This isn’t really limited to the smart axis, by the way! If a character is nice to 99% of people but a total asshole to one, that probably doesn’t stop them being ‘generally nice.’ If they are a male 99% of the time, but a girl sometimes, that probably doesn’t stop them being ‘generally a male.’ But it’s this specific vision of intelligence and dumbness that sticks in my own handle on the term.

Now I am not uninvolved here. See, on my own, in my RP character spreadsheet (there’s a spreadsheet), I had a field for every character, asking the question ‘how himbo are they’?

Some special case pleading: Temporary Himbo is a term used for characters who shapeshift into a form that may normally be big and strong. This isn’t a strong grouping – a werewolf may be a great himbo when he turns into a big strong fuzzy form you can sleep on, but one of the others shapeshifts into a gigantic space bug. That’s not very much something you want to cuddle.

But this indicates that I clearly have a model for himbos that doesn’t include being stupid. A character in this spectra can be eliminated from being a himbo for not being big and strong, but also for not being openly sweet. And that’s where this model sticks in my brain.

See, the thing is, it’s not that a himbo has to be dumb. The himbo has to be a person who doesn’t make intelligence the predominant way he engages with others. The dumbness of a himbo is tied to kindness. They don’t have to be stupid, they don’t have to be emotionally clueless — they just have to be the person who when they hear something, their default question is “Yeah?” because knowing is not the important thing to them, but listening is.

Now that’s not to say the other himbos people prefer aren’t idiots. I mean, kronk speaks multiple languages, something I can’t do, but he has difficulty reasoning through simple tasks and is challenged at object permanence when he’s not creating mneomics for managing a short-order cook’s job. Hm, okay he’s a really bad example, isn’t he? Because if you want to treat him like he’s a real person who exists in a space that has a coherent continuity, may be everything that makes him seem ‘dumb’ is just attention and focus problems coupled with bouts of hyperfocus, which seems… really wiffy to treat as if it’s ‘stupid.’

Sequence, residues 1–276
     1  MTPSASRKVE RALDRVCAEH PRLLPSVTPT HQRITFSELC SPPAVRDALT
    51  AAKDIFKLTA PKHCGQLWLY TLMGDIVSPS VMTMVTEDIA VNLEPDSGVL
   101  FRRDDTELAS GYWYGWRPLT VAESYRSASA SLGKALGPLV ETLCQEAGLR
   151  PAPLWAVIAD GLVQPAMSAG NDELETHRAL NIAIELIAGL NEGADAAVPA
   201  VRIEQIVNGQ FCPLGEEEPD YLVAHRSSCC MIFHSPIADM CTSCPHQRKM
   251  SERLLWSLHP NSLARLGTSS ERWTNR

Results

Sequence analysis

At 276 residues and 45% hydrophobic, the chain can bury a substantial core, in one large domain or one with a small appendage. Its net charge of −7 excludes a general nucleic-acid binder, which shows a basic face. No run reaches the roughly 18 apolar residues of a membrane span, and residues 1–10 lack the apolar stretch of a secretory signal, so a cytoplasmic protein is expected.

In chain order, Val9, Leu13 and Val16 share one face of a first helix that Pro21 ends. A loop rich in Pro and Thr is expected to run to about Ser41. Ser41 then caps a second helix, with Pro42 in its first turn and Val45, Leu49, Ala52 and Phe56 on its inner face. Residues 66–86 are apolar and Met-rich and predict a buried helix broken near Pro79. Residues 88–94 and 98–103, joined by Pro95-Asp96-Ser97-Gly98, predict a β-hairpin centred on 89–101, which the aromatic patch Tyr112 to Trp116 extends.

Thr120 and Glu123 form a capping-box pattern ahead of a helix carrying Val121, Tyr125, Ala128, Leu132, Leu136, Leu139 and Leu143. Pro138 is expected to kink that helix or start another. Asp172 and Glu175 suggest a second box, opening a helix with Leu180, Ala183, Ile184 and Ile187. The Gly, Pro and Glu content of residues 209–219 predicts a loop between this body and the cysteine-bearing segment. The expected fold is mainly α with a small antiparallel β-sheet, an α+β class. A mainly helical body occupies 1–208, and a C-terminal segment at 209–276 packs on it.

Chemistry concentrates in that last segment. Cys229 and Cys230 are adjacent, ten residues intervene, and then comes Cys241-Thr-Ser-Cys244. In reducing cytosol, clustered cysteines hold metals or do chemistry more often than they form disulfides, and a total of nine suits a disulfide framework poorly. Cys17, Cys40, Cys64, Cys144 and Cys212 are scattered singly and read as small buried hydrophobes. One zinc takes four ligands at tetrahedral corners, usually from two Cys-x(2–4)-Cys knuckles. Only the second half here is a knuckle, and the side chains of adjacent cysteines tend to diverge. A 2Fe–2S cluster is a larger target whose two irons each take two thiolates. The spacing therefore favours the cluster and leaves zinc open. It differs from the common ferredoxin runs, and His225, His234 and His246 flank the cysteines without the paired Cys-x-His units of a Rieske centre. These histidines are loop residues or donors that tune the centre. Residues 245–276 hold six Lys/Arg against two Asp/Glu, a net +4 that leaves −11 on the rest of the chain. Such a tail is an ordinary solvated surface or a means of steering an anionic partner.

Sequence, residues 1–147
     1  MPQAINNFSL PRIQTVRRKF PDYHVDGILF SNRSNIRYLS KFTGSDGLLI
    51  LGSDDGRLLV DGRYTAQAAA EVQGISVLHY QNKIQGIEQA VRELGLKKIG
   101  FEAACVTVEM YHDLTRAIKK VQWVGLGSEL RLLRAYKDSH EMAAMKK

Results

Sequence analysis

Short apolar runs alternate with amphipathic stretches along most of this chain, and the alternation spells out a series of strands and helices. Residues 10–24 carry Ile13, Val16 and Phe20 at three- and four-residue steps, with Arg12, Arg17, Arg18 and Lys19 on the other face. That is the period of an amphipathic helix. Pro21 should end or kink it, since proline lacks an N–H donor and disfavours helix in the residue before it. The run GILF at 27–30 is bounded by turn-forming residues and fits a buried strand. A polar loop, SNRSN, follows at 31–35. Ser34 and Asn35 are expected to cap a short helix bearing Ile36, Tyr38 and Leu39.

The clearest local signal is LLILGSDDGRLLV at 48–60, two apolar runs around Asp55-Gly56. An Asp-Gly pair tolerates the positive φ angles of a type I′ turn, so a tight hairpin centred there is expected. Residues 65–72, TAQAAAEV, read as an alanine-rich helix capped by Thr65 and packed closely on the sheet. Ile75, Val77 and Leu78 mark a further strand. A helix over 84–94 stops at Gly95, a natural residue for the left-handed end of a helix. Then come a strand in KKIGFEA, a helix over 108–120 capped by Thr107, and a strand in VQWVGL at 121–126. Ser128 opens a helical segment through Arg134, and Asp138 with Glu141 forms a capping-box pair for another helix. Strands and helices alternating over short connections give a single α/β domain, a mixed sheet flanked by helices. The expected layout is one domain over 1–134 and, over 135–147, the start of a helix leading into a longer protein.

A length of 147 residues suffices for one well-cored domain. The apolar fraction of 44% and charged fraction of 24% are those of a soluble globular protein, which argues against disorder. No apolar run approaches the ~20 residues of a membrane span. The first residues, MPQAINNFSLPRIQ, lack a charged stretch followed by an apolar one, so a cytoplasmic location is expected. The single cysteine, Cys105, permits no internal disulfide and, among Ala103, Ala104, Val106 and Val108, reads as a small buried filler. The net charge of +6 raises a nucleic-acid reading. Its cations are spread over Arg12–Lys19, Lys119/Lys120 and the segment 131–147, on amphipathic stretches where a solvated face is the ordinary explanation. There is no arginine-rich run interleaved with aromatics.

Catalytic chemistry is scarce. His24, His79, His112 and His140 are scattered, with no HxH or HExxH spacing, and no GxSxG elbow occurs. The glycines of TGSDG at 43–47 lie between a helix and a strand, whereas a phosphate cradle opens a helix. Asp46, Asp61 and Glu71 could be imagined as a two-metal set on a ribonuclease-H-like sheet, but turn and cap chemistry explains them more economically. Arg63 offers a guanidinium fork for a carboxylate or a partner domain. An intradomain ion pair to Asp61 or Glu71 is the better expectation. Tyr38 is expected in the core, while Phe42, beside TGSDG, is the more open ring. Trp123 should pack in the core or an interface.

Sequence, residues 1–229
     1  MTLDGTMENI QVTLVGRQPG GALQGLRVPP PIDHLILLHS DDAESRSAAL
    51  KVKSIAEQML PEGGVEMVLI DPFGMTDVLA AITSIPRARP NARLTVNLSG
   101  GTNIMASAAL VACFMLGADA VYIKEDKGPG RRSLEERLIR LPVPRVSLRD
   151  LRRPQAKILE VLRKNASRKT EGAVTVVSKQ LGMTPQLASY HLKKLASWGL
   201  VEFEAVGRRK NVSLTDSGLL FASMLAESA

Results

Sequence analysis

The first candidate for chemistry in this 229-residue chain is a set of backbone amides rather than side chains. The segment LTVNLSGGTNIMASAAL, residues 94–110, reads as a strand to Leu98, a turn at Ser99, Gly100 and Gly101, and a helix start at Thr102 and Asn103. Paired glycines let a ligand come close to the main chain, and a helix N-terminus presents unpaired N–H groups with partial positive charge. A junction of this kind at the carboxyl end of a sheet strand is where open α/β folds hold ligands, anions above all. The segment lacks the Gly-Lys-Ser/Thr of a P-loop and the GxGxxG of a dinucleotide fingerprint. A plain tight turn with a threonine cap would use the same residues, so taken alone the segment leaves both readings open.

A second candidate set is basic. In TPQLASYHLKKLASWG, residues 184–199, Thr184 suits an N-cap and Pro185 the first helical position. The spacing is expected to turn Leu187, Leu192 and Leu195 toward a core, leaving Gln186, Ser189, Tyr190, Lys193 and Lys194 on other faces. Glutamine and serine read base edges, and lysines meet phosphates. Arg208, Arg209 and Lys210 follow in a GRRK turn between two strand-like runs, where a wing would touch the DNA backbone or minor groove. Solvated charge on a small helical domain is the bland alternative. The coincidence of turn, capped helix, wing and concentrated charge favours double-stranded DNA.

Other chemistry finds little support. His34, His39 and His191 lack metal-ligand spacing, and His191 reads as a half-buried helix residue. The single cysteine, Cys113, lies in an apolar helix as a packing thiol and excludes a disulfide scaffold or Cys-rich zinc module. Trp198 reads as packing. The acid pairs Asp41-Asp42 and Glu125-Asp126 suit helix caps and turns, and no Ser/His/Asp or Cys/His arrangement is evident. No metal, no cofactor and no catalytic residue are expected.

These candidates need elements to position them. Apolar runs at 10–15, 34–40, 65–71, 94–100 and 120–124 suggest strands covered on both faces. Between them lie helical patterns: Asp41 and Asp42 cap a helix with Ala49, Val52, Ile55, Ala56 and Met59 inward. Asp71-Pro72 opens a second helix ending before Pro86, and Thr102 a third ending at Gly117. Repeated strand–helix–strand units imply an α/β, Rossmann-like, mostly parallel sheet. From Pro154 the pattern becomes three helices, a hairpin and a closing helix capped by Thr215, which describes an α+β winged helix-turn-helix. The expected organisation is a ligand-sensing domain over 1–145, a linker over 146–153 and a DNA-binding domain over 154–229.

But anyway, look, the point is, my model doesn’t require a character to be dumb but it doesn’t exclude himbos who are dumb.

Also note in this chart, I have the category of honorary himbo, for women and other not-men who otherwise fulfill the traits and are actively willing to accept the term himbo. For example, there’s a trans woman character in this lineup who is big and strong and openly sweet, but she doesn’t like being called a himbo because she feels the term misgenders her. On the other hand, there’s another woman in that category who’s happy to be called a himbo, because her particular aesthetic is tomboyish and athletic, and therefore she feels like it fits.

This is to draw to the important point that in my model, a himbo is not the other-gendered counterpart to the bimbo. Bimbo is extremely focused on a particular visual aesthetic (usually a hyperfeminine-coded, highly sexualised appearance), and then sometimes it is tied into an extremely… complicated history of gender transformation and mental health stuff that means it doesn’t really just directly translate. I’ve seen ‘herbo’ used? And ‘thembo’ is obviously a gender neutral that sometimes is used as a blanket term to include himbos and bimbos. I’m not wild about that, but I understand that the language in this space is inexact.

These terms are also just basically related to lots of porn, and that’s okay, porn is great and people should have porn they like assuming it doesn’t hurt anyone (and don’t bring me media effects models, puritans). Keep it away from the people who don’t want it splashed on them, okay?

But if she’s big and strong, and she’s openly sweet in a way that doesn’t foreground her intellect as her primary way of engaging with the world, regardless of if she wears pink or plate mail, I’m happy to call her a himbo as long as she wants to be.